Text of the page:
New trade deal could be even greater threat to public services than TTIP
- Trade in Services Agreement (TISA) could lock in privatisation and increase ability of big business to call the shots on health, education and basic utilities
- Rights of some migrant workers could regress to system similar to Saudi Arabia and Qatar
- UK likely to emulate Norway signing up as individual nation post-Brexit
A global trade deal currently being negotiated in secret and involving 50 different countries could prove to be a serious threat to public services according to a briefing published today by campaign group Global Justice Now.
The Trade In Services Agreement (TISA) is a proposed international trade treaty between 23 parties, including the European Union and the United States. Unlike most trade deals, TISA is about services, not goods. The briefing argues that this means it will affect areas like labour rights, banking regulation and whether public services like electricity and water are run for public good or private benefit.
Nick Dearden the director of Global Justice Now said:
“This deal is a threat to the very concept of public services. It is a turbo-charged privatisation pact, based on the idea that, rather than serving the public interest, governments must step out of the way and allow corporations to ‘get on with it’. Of particular concern, we fear TiSA will include clauses that will prevent governments taking public control of strategic services, and inhibit regulation of the very banks that created the financial crash. TISA will also affect countries that haven’t even had the opportunity to develop decent public services like Pakistan. No wonder Uruguay has already walked away from the talks. We urge MEPs to tell the European Union to do the same.
“Millions of people across the EU voiced their opposition to toxic trade deals like TTIP and TISA. A broad coalition of trade unions, civil society groups and progressive politicians are coming together to make sure that we put a stop to TISA as well as TTIP – both of them enormous corporate power grabs at the expense of democracy.”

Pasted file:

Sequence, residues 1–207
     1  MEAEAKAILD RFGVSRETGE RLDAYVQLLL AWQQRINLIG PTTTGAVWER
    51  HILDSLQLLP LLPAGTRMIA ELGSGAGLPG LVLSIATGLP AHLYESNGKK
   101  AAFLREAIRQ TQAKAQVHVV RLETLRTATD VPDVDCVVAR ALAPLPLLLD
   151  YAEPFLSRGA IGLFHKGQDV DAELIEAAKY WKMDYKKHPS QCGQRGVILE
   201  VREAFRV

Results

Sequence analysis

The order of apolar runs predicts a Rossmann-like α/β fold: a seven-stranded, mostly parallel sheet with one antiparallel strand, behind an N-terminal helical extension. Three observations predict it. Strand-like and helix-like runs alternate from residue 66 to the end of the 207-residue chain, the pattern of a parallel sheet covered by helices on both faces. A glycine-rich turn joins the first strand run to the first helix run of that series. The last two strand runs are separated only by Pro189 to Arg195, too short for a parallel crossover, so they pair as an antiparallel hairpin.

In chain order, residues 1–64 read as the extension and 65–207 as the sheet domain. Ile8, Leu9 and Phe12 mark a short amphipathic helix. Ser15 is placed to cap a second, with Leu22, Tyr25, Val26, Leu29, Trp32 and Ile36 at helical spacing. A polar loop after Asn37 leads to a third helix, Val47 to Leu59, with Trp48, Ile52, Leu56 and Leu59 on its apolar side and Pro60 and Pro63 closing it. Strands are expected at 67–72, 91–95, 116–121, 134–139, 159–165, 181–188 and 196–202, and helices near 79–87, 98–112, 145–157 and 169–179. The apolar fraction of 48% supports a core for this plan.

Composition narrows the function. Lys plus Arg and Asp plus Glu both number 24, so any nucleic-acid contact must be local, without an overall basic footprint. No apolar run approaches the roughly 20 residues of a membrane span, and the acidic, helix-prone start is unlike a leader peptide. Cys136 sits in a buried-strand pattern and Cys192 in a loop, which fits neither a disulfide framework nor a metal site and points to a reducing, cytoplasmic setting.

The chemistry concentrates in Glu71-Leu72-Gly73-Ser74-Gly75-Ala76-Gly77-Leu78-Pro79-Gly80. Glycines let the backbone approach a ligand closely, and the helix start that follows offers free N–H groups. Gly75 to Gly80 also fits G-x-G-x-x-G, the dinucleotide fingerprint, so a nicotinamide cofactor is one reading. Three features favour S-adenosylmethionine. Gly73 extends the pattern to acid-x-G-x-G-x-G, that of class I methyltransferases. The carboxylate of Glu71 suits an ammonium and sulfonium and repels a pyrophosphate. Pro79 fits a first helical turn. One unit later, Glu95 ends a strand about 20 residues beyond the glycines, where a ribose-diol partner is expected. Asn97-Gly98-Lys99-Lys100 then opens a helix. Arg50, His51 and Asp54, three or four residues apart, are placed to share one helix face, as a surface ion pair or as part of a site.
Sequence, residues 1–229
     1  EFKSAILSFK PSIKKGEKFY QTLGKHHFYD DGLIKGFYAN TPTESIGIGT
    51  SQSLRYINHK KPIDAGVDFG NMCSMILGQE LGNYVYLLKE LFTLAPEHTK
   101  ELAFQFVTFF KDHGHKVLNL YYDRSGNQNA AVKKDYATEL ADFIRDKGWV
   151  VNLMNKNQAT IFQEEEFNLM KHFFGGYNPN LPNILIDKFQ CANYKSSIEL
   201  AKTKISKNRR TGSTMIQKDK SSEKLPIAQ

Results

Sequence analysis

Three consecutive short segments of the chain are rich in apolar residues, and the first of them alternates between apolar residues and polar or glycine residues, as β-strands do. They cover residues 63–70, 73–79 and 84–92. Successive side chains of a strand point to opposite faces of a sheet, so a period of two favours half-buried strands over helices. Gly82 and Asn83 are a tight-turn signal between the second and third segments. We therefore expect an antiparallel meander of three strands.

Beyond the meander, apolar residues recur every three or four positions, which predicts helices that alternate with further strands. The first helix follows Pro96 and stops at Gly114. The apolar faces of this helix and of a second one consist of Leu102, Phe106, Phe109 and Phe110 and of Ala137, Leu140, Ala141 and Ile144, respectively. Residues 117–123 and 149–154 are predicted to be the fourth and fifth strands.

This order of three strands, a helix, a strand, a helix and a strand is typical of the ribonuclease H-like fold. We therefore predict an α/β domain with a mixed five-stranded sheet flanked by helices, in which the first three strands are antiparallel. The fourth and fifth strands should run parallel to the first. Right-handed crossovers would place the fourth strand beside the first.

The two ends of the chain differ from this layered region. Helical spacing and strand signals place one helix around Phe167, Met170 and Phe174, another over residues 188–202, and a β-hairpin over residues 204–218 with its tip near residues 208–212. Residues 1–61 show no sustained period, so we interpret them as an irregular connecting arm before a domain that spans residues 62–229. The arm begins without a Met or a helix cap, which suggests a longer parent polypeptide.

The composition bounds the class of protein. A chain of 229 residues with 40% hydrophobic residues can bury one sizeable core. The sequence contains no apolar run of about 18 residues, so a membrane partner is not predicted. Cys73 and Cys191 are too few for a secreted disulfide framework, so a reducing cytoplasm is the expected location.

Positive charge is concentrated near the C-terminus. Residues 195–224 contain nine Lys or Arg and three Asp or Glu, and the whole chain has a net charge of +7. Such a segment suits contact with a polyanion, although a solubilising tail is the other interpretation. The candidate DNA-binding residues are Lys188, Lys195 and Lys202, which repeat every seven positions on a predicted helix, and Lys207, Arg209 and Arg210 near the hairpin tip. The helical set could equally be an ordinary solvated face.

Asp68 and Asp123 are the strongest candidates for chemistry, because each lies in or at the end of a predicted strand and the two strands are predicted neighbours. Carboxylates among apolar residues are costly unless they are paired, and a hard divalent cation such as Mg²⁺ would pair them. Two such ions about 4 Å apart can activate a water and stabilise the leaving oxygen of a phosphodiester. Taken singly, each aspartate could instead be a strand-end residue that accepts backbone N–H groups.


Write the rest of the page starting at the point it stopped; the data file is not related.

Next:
The briefing, A blueprint for global privatisation argues that:
- TISA would lock in privatisation of public services. TISA contains mechanisms, such as ‘ratchet’and ‘standstill’ clauses, that make it much harder to reverse privatisations and will allow greater market access for foreign companies;
- TISA would be terrible for the climate. TISA entrenches the idea of technological neutrality on energy policy. This could stop countries favouring renewables over coal, oil and gas;
- TISA will mean more casino capitalism. TISA will undermine efforts to regulate the financial sector and avoid another crisis;
- TISA threatens online privacy. TISA promises to hand much more power to the likes of Google and Microsoft to move personal data across borders to countries with lax data protection laws;
- TISA will be especially damaging to countries in the global south. TISA includes countries like Pakistan that could be hindered in developing public services. It also poses a threat to countries outside TISA, because, once approved, rich countries will seek to impose TISA-style measures globally through the WTO;
- TISA could mean a rollback on the rights of migrant workers. Proposals being negotiated under TISA mean that some migrant workers may end up being categorised as ‘independent service suppliers’ and will consequently not have rights to things like the minimum wage or be allowed to join a union. Workers’ presence in a country could also be tied to their employer. This form of indentured labour is in effect in countries like Saudi Arabia and Qatar and has resulted in horrific working conditions under unscrupulous employers.
Nick Dearden added,
“Many people were persuaded to leave the EU on the grounds they would be ‘taking back control’ of our economic policy. But if we sign up to TISA, our ability to control our economy – to regulate, to protect public services, to fight climate change - are all massively reduced. In effect, we would be handing large swathes of policy making to big business.
“Two of the biggest challenges facing society right now are dealing with the climate crisis and trying to tame the unruly banks and financial markets that have caused so much damage to the global economy. What’s being proposed under TISA would massively restrict the ability of governments to take action on either front, at a time when flexible and effective policy intervention is so badly needed.”